LOOKING PLACE eer 7 


: WE AVE et, 
ASKED ME TO MEET te 
iM AT. HOPE os " : 
BRINGS SOME MONEY 
OS ieee etre 


~ STEVE ROPER - 


TT (HOWDE-DO, 
{ merciFut | MR. AND MRS. 
MAZUMA: | 


SPO ae 
. a 


—~< 
et 


= 4 


THE FELLOW 
WHO USED 
TO HAUL 


s OONT TELL ME SE 
TM CURE wic< WAQMELL 

APPRECIATES YOUR APPL ALISE 

~ BUT SHE SUDDENLY BECAME 

RL AND RETIRED W HER DRESSING 
ROOM / 


, «a 
coe oi gy 


YEAH! I JusT 
THE LIMOUSINE 1$ GOING TO Come ) HOPE RE 
HERE FIRST—AND THEN you're / HOLD THINGS 
GOING TO GET CLANCY? up! 


TAKE ME 


AWAY FROM "') 
THIS PLACE, | 
PLUTO.. 


On, | 
WELL- 


wong, 
J 


THIS CAPER WITHOUT VicLENCE /- 


PLEASE 00 NOT 


FORCE US WH MESS UP OUR RECORD --cR 
You, PAL/ 


a |: 


f ‘Toei et oa 


you've Gor it! 
MA JUST PINNED 
IT ON YOU! GET 
GOING! WELL SEE YOU Ff 
AT THE CHURCH! 


RUSTY RILEY 


< 
By Frank Godwin 


THERE ARE SOME 
CRIMES THE LAW 
CAN'T DEAL WITH. 


iS IN THERE. a 


(4 


Y 


DID YOu SAY yOuR 
NAME i¢ # 


WELL, HOW ABOUT 
A COOKIE, RUSTY = 


By Buford Tune 


— (Gen, N. d.. 


“IT'S GOOD TO KNOW I'M 
SAVING SOMETHING 
THIS YEAR / 


TRAVELING TOGETHER, 1 “SS 


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Stassen Pearson 


thinks we should talk to the 
i\Russians more, isn’t averse to 
ihaving conferences with them, 
believes their disarmament 
moves can’t be discounted 
Dulles. on the other hand, is in 
line to pooh-pooh everything 
the Russians do, even their 
1.200,000-man army cut. He be- 
'lieves that conferences with the 
Russians get nowhere 

The Russians, knowing Stas- 
isen is more sympathetic, now 
go to him more than to Dulles 
and it was to Stassen that 
Khrushchev and Bulganin 
itipped off their plan to make 
the revolutionary cut in the 
size of the Red army 

One of Dulles’ personal pre 
relations men later lea a 
story to the press that4the 
meeting with Stassen was a 
vodka brawl—though there \was 
ino insinuation that Stassen par- 
iticipated 

Stassen has been able to get 
Mr. Eisenhower's ear on these 
matters, has convinced Ike that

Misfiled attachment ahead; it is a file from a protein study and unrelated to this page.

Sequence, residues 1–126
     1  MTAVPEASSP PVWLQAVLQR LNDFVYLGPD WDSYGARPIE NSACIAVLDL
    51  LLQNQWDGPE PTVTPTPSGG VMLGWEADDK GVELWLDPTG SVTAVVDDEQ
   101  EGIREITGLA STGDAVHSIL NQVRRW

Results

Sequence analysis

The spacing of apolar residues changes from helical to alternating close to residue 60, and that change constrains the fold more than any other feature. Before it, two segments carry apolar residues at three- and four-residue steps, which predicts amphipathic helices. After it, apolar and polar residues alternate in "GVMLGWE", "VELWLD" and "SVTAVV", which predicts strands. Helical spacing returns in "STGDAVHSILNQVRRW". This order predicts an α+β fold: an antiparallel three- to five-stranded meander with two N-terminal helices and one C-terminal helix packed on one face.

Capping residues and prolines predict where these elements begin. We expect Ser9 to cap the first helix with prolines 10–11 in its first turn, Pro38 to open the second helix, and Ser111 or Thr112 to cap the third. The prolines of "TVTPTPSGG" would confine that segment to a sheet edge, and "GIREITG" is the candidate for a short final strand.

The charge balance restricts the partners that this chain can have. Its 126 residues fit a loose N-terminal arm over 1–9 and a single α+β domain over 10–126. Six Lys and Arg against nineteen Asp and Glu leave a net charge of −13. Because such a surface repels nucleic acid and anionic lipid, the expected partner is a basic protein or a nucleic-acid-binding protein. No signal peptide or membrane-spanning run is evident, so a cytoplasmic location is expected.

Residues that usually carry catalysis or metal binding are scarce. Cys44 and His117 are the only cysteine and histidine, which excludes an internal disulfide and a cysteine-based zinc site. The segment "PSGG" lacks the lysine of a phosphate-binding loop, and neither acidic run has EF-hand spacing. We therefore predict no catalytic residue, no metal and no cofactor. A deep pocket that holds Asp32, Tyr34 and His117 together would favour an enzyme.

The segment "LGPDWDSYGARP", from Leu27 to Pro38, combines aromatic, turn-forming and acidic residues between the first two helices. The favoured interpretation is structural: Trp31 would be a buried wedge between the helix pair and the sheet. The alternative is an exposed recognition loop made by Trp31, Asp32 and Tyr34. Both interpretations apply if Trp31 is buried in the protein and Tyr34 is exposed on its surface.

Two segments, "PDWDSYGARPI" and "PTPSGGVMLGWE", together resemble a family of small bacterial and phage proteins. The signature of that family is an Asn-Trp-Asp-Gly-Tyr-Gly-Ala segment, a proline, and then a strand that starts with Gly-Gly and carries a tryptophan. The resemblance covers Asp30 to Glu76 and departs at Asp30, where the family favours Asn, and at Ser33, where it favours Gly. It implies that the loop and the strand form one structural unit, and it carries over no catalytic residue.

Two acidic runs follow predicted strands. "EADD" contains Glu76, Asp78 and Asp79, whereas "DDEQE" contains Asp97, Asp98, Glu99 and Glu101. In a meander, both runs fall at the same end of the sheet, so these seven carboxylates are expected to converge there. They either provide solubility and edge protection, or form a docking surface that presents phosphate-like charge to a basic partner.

we should take a more sympa- 
thetic approach to Russia. This 
ihas irked the Secretary of State 
even more 


Chotiner Law Practice 


| The more you look into the| 


“law practice” of Vice Presi- 
dent Richard M. Nixon’s cam- 
paign manager, Murray Choti- 
ner, on behalf of New Jersey 
racketeer Marco Reginelli, the 
more mysterious becomes the 
fact that Reginelli’s deportation 
was suspended 

The more, also, you can ap- 
preciate the late Reginelli’s 
wisdom in reaching from Cam- 
to Los: Angeles to 
employ the close friend and 
campaign manager of the Vice 
President when the Justice De- 
partment moved to deport him 

Here is a play-by-play account 
of what happened inside and 
outside the Justice Department 
after the politically-potent Mur- 
ray Chotiner was retained. 
| The proceedings against Regi 
|nelli had been started under 
jthe Democrats when Attorney 
iGeneral James McGranery list 
led some 100 racketeers and 
| gangsters for deportation. De- 
\portation was based upon Regi- 
inelli's record of 16 arrests be- 
itween 1917 and 1942, six con- 
victions, three prison sentences, 
and three fines. There was 
also a battle over who should 
succeed him as czar of the Jer- 
sey underworld, which battle 
resulted in the murder of five 
men in South Philadelphia and 
South Jersey. 
| One. important conviction on 
which the Justice Department 
based its deportation proceed- 
ings was for violation of the 
Mann Act in taking Louise 


TOMORROW 


FRESH FROM OUR OWN OVEN 


APPLE PIES 


STREUSEL 
TOPPED 


Dis- 


- the 


Abate from New Jersey to Flor- 
ida for immoral purposes in 
1952. Immigration officials